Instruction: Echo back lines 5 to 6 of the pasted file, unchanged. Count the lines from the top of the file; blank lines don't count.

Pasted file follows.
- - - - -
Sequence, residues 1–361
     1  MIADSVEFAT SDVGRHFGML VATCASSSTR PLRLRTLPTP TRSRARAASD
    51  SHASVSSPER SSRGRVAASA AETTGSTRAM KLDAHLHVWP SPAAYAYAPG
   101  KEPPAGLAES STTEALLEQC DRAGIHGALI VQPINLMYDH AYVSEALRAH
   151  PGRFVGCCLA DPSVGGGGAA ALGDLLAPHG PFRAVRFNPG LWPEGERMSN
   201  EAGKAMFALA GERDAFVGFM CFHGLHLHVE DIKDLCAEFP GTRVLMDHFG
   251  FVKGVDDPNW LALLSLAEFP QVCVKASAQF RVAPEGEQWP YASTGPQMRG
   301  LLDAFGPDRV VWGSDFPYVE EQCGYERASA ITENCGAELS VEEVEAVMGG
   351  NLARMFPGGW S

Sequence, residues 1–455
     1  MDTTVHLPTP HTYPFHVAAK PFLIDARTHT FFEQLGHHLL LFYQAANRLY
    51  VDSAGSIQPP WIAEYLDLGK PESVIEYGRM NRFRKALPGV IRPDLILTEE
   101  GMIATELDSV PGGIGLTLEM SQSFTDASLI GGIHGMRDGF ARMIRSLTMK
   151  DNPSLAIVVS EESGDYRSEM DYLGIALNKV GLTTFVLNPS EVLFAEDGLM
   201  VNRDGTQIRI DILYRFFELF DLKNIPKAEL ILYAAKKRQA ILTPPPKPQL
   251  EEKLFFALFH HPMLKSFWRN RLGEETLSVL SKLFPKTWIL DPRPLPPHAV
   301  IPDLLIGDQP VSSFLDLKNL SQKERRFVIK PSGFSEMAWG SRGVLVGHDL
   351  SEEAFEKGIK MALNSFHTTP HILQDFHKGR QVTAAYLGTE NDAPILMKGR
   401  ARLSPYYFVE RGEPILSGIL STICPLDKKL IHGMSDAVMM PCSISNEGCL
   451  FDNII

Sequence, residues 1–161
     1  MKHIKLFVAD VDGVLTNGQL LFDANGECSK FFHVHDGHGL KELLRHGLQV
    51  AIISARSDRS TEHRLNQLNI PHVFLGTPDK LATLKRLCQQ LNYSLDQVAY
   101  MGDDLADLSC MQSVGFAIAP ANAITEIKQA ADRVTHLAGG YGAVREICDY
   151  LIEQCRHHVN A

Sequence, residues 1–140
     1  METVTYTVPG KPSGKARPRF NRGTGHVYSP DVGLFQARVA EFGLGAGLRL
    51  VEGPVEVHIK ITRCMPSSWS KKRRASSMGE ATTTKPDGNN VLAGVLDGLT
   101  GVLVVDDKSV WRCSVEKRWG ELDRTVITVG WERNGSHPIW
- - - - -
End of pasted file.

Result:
   151  PGRFVGCCLA DPSVGGGGAA ALGDLLAPHG PFRAVRFNPG LWPEGERMSN
   201  EAGKAMFALA GERDAFVGFM CFHGLHLHVE DIKDLCAEFP GTRVLMDHFG